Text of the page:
From the legal viewpoint, the Vatican's document calls upon legislators to retain anti-abortion laws. Because the Church sees abortion as murder, it calls for the law to also regard such action as a punishable crime. Several parallels are drawn between murder and abortion for the duration of the document. As such, the issue is taken very seriously. The document warns that the legalization of abortion might encourage an increase of the "crime," even as a means of birth control. Another warning is that abortion may be dangerous for women's health, and for their reproductive future, should they have more children.
A further acknowledgement of the document relates to medical science. It addresses for example the facts that medical advances have made abortions at an early stage much easier than the case was in the past. This, according to the Church, is not a sound position for medical science. Instead, it should be required to promote rather than terminate life. Rather than therefore pouring medical resources into abortion technology, it should be applied to promote life, even at the very point of conception in the womb. This is also an area that could be legally enforced.
A further legal issue that the document uses to support its point, is human rights. In this, the Vatican uses a combination of morality, legal issues and human history to support its point. This is also the most important point around which the rest of the document and the argument are structured. The most fundamental human right, according to the document, is the right to life. All other human rights and actions depend on this single right. The Church goes on to state that the right to life predates society as it is known today. As such, this is not a right that can be granted or removed by a society of human beings. Once again, the religious ideal of god-given rights is mentioned here, along with the historically-established ideal.
The right to life has always been provided to humanity by God. God, the document argues, desires and perpetuates life. Because this is so, humanity has no right to terminate human life in any of its forms, for any reason, or at any stage. Society is however obliged to uphold, enforce and promote the right to life of all human beings. Here the document combines his with the issue of human obligation towards those who suffer as a result of poverty or abnormality.
The Church calls for legislators to put structure in place to support persons in need. Sufficient support for families in need, according to the argument, will prevent or at least diminish the abortion problem. In the same way that the old or the terminally ill is cared for, each child and family in need should be supported by means of both government and social resources. Rather than support the termination of life, therefore, society is called upon to support the perpetuation of life by means of charity, legislation and kindness towards those who suffer.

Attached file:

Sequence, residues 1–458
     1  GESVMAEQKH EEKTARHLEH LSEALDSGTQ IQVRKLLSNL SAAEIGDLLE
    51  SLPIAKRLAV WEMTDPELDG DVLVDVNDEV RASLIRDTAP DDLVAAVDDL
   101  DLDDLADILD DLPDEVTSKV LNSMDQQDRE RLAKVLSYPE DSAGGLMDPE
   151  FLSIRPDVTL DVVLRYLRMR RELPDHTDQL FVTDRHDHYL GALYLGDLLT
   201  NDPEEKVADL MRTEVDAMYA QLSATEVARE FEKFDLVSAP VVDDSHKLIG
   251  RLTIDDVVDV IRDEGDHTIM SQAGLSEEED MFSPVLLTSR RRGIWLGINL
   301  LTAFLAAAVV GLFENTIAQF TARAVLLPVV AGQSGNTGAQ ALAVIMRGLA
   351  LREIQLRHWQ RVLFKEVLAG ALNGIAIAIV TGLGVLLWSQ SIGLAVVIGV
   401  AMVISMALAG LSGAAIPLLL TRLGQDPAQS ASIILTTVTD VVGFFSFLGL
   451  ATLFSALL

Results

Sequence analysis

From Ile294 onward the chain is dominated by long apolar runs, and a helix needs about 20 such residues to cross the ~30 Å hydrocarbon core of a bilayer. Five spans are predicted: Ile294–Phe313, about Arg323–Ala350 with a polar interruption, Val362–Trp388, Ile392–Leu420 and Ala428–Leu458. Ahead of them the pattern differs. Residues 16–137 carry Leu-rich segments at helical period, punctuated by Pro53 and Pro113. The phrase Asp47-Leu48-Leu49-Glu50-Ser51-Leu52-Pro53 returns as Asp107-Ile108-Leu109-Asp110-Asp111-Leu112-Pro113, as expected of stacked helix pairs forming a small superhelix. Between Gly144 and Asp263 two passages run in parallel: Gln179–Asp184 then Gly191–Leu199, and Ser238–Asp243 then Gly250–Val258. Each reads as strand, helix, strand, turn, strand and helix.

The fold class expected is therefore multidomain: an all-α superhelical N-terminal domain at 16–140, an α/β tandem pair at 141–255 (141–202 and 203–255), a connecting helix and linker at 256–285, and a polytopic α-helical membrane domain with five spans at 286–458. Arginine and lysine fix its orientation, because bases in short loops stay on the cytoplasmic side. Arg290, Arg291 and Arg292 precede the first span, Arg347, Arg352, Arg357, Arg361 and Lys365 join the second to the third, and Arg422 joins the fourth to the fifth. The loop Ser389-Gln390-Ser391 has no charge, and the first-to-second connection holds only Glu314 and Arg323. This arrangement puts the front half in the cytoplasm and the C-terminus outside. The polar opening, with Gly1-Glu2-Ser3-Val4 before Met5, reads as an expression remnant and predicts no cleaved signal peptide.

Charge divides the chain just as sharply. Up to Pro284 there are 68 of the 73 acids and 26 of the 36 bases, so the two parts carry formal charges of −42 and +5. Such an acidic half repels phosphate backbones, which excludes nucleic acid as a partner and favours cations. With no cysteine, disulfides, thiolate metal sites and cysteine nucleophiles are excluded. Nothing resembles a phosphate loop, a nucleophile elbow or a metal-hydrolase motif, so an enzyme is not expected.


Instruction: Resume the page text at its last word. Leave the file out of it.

In terms of ideology, the document also warns against using ideological pluralism in order to promote abortion. While the Church is not against freedom of opinion, it opposes opinions that seek to subordinate or disadvantage other opinions or persons. According to the document, pro-abortion opinions fall into this category. The Church holds that all abortion is against the divine principle of life, and therefore disadvantages others in terms of the right to life. This opinion, in terms of not only religion, but also in terms of legality and humanity, is not valid and should not be allowed. Christians specifically and human beings in general have an obligation to respect the right to life.
According to the document, this right is the most perpetual throughout the history of humanity. All other rights have been denied and reinstated; the right to life is however so fundamental that it takes precedence above all else. Human beings have to strive for what the document refers to as "the good." The loss of life is never "good," as the human directive is towards life. Life on earth is to be live according to each individual's best ability for the purpose of eternal spiritual life in the hereafter. To interfere with the cycle of life and natural death is…